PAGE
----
Do yankees go to windward? - SailNet Community
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post #1 of 12 Old 02-26-2010 Thread Starter
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Do yankees go to windward?

No this isn't a southern vs yankee kind of thing, I'm talking about the sail!

I'm about to buy a new headsail and I have heard from the cruising community that a "yankee cut" (basically high clewed sail as far as I can tell) is the way to go for the headsail. It keeps visibility high and keeps the waves from getting into the sail.

So what's the down side of the yankee? Racers use deck sweeping genoas that create a huge blind spot? Do yankees not go to weather? I'm also a bit worried about the sheeting angle if the clew is half way up the mast. Doesn't that mean I have to move my car waaaay back? I'd hate to order a sail that I can't sheet.

What's the best way to measure and figure optimal clew height for my new sail?

MedSailor

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post #2 of 12 Old 02-26-2010
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It seems like some people use cruising as an excuse to make their boat slow and downwind-oriented. I don't understand trading visibility for performance, I seem to be able to peek past my genny quite easily. When the waves are up on deck, it would be nice to have the yankee, but really how often are you out in big breakers with no wind flying a genny? I would save the yankee cut for jibs, the sheeting angle, and performance downgrade just don't seem to be worth it to me.
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post #3 of 12 Old 02-26-2010
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I suspect the other advantage to a yankee is that it might be easier to tack it, especially around an inner forestay. If this doesn't apply to you, a genoa is probably better. My genoas get their feet wet, and I have to strain sometimes to see up ahead, but it's no bother really.

If those two issues are a big problem for you, consider getting a genoa with a slightly shorter luff and putting a pennant on the tack, maybe a foot long. I have one on my 135%, and it's a lot easier to see under and clears the lifelines more easily too. Still gets well-doused on a beat in any kind of a sea, though.

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post #4 of 12 Old 02-27-2010
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I'm considering changing my set up forward. Currently I have a staysail and roller jib. The jib sheets outside the shrouds, and throws her a bit uot of balance. This hurts to weather in light breezes. I thought I might get a Yankee, cut flat for windward work, and an asymmetric spinnaker for reaching and running.
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post #5 of 12 Old 02-27-2010
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We have a high cut genoa on the headstay for visibility and ease of tacking thru the slot (works very well BTW). I can't say for sure whether a yankee is less efficient going to weather or not, but I suspect it probably is to some degree. Ours is cut lower than a true Yankee and it is a 125%, gives us pretty good visibility and doesn't take any considerable water until the wind is in excess of 25 knots and if we are heeled over to about 20 degrees or so. I don't race (officially ) so the other factors won out when we ordered the new sail. You DO need to figure out your sheeting angles before ordering a high cut sail, you are correct that you need to move the blocks back considerably. We ordered sails from Dirk at National Sail (excellent sails and advice, and price) and he did the calculations for us and they worked out just the way he figured. We use an assy spi for light winds.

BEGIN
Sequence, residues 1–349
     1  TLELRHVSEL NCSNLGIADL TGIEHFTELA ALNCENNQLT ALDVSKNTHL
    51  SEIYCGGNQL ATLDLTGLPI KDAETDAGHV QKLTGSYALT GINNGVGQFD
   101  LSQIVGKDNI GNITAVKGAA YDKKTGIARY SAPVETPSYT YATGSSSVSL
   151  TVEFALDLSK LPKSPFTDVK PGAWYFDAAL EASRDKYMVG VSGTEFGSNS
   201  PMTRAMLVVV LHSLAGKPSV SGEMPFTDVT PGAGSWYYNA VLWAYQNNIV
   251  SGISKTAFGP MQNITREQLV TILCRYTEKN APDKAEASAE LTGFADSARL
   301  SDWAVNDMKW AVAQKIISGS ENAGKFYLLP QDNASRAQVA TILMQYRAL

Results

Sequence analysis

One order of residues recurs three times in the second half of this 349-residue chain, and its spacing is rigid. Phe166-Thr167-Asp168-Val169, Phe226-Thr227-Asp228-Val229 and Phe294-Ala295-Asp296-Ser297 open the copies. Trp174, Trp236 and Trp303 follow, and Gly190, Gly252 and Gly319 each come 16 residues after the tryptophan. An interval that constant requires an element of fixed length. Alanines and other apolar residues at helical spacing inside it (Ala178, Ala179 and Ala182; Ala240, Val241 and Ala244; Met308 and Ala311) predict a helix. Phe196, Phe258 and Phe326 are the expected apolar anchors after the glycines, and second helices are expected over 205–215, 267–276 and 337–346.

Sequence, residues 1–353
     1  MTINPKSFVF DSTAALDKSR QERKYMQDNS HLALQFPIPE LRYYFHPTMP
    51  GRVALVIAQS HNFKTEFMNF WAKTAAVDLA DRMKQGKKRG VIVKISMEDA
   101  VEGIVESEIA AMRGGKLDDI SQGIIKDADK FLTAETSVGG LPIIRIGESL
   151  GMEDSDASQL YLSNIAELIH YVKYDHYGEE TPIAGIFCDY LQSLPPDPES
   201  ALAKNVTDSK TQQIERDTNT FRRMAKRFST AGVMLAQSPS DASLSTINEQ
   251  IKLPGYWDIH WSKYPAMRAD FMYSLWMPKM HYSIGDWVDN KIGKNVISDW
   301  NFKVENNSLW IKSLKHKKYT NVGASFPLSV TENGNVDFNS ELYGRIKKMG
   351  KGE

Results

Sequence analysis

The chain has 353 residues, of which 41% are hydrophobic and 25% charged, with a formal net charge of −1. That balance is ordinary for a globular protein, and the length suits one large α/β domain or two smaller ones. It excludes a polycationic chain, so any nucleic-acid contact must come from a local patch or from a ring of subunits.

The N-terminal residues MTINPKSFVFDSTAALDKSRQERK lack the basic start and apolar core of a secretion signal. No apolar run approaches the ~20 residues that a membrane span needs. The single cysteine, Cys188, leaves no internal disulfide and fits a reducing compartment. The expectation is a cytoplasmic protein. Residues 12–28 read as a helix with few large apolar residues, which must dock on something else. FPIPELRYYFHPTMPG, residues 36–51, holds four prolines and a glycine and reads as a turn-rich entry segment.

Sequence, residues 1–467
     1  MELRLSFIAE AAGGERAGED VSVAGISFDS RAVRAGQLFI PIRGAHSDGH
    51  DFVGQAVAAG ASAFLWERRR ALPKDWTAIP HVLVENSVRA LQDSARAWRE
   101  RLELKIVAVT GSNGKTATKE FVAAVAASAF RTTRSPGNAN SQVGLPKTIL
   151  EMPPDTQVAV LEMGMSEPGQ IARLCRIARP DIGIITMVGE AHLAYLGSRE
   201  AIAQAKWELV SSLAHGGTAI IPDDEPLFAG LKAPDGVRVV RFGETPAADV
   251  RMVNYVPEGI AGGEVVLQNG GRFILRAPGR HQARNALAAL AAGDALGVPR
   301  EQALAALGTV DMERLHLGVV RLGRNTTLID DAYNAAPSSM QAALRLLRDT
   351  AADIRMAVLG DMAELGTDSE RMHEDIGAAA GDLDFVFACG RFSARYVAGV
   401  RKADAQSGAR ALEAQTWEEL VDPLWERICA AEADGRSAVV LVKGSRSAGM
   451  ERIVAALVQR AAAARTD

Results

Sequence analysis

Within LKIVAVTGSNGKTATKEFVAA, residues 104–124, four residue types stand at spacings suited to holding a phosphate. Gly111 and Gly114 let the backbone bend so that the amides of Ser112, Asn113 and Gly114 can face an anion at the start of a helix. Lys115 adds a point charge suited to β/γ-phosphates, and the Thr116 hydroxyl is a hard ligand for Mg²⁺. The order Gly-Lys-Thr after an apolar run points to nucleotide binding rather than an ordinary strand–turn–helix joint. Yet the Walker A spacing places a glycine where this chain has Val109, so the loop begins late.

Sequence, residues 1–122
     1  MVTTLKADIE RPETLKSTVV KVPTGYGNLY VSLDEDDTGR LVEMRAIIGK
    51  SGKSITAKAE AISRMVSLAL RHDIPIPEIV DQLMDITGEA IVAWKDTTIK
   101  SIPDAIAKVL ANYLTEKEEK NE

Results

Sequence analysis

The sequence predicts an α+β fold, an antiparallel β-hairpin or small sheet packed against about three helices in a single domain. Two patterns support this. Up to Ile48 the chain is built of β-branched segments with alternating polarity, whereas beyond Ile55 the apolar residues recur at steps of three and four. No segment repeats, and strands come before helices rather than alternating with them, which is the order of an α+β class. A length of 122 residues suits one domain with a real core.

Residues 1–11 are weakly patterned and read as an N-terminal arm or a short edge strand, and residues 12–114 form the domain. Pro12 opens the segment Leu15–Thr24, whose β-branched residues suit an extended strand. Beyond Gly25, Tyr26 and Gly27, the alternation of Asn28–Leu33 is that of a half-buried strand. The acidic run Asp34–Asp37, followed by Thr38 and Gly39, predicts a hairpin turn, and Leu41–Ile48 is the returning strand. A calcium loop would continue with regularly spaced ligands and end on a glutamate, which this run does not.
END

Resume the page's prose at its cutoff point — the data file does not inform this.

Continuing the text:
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post #6 of 12 Old 02-27-2010
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John: would you describe your staysail as a yankee as well, or only your jib?

s/v Laelia - 1978 Pearson 365 ketch
s/v Essorant - 1972 Catalina 27
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post #7 of 12 Old 02-27-2010
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A yankee, with such a high clew position, will have a relatively high CE in comparison to a 'blade'.
I run a (true) cutter, and prefer a blade-jib over a yankee.

A blade can have a set of reef positions added; very difficult to do on a yankee due to the high 'slope' of the foot.

:-)
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post #8 of 12 Old 02-27-2010
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The yankee is my least favorite headsail although we admittedly sell a fair number of them.

Our recommendation is your clew height be based on visibility and seakeeping considerations. Most yankees far exceed that. Generally speaking, higher clews equal poorer windward performance. In a boat like a Formosa 41 I would suggest doing everything you can to help the boat perform better as opposed to compromising it.
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post #9 of 12 Old 02-28-2010
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Adam- the staysail is a standard jib configuration(different sails than in the avatar pic). Our headsail is not a true yankee either, more of a high cut genoa. The combination seems to work well for how we sail. The genoa and full main are good for winds up to about 20 knots, maybe a bit less. Then we take the first reef in the main, then furl in a bit of genoa, 2nd reef in main, then completely furl the gennie. 2nd reef in the main and staysail alone should be good for most everything, but if it gets worse we can take the third reef in the main. Assy spin for lighter winds.

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post #10 of 12 Old 03-01-2010
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Red Sox are better on any point of sail.
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